Turlock to fund field for football

TURLOCK — After giving residents one last chance to have their say on a proposal to pay $2.8 million for a high school football field, the City Council went for the project on a split vote.

Sitting as the city's redevelopment agency Tuesday night, council members Ted Howze, Amy Bublak and Kurt Spycher voted in favor of spending the money. Councilwoman Mary Jackson voted against the proposal; Mayor John Lazar sat out the vote because he owns property near the project area.

"We have a long list of worthy projects, and, in my opinion, the Joe Debely Stadium does not meet the requirements of redevelopment money," Jackson said, echoing the sentiments of most of the residents who spoke about the project.

A few residents spoke in favor of giving the money to Turlock Unified School District for installing an all-weather track and field at Turlock High School, citing concerns about the safety of children who use it, and the opportunity to attract events that would bring money to the city.

Among them were Holly Evans, who is part of the Turlock Turf Crew, a volunteer effort to raise money for new fields at the city's high schools.

"I do want to say that as part of the Turlock Turf Crew, we have raised around $35,000 within the last year," she said. "$2.8 million averages out to about 90 more years of work."

But several residents exhorted the council to put the project aside because there are more pressing needs in Turlock, and a football field is not an appropriate use of redevelopment funds.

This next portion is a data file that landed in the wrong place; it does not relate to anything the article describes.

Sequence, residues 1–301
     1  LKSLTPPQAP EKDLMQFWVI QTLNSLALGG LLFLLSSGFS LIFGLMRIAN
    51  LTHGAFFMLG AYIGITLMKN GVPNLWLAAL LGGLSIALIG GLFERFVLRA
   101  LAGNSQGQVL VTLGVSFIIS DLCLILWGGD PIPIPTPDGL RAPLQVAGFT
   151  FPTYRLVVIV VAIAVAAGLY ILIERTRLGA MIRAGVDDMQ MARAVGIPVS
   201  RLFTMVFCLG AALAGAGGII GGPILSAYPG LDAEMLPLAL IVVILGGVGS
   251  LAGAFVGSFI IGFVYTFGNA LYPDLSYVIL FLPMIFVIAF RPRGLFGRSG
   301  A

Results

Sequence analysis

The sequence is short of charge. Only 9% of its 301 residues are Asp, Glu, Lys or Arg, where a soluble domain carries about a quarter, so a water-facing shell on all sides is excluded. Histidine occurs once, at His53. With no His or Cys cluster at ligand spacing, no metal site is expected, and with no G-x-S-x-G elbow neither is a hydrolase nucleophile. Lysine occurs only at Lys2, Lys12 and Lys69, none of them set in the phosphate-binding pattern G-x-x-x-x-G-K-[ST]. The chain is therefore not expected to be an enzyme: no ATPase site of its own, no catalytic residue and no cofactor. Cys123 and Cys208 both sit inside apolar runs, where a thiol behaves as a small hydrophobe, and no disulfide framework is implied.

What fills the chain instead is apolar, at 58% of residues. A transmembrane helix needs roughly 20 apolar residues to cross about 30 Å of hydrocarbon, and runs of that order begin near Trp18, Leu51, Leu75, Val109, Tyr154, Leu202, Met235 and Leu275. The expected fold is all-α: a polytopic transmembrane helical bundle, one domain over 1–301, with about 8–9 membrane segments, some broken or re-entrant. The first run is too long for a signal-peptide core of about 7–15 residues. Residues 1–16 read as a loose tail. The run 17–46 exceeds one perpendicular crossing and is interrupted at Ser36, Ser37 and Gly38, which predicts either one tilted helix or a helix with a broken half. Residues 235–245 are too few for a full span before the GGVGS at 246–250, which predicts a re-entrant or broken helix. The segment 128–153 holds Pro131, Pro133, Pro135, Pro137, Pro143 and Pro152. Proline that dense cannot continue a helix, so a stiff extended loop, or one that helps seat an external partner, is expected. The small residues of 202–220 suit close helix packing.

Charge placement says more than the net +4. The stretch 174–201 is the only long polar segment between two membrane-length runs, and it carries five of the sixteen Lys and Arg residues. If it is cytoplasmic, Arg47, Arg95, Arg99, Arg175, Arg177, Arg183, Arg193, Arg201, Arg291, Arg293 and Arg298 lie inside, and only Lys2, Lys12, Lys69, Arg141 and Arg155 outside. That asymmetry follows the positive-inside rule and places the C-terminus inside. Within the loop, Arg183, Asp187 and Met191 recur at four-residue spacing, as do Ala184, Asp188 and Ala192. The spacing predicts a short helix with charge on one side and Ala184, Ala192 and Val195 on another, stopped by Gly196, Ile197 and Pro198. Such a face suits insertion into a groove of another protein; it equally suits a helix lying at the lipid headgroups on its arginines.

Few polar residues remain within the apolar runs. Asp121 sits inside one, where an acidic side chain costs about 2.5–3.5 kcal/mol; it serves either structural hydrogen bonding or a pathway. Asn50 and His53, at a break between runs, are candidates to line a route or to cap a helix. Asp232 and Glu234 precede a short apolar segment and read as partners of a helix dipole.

Dale Parkinson said redevelopment money was intended to refurbish areas where property taxes were lower because of blight.

"I imagine a neighborhood street, with an abandoned house, with the windows broken out and weeds. And another house with fire damage," he said. "This is blight."

Fixing the properties would increase property taxes, which then would pay for the work, Parkinson said. "That's how it's supposed to work," he said. "What we have is a dirt track and a grass field. I ran laps on that dirt track and played football on that field. It's not blight. It wasn't blight 50 years ago, and it's not blight now."

Turlock has a wish list of projects worth $20 million that it wants to fund with redevelopment money. The city is advancing those projects to some degree, including a new public safety center and a new arts center.

But the choice to spend money on the track is an urgent one because the city faces the threat of state raids on redevelopment accounts and potential declining property values that could trim redevelopment revenue. Some fear earmarking cash for the football field could reduce the likelihood that another project on the wish list will get funded.

City Manager Roy Wasden said the redevelopment agency has enough cash to fund all of those projects, as long as the state doesn't execute a proposal to tap local redevelopment funds to balance its budget.

"There's been some suggestion the funding of one project may impair the funding of another project. There is no factual information to back that up," Wasden said.

Jack Williams, who has lived near Turlock High for 40 years, said a new field — and the increased use it would bring — would be enough to make him consider moving.

"I don't think my neighborhood is blighted," he said. He called the noise and traffic congestion associated with events at the field "an ongoing, constant annoyance. You are imposing on me and my neighbors something that you who live in other parts of town want."

The agreement goes to the school district, which has acceptance of the money on its Dec. 8 meeting agenda.

Bee staff writer Patty Guerra can be reached at or 578-2343.

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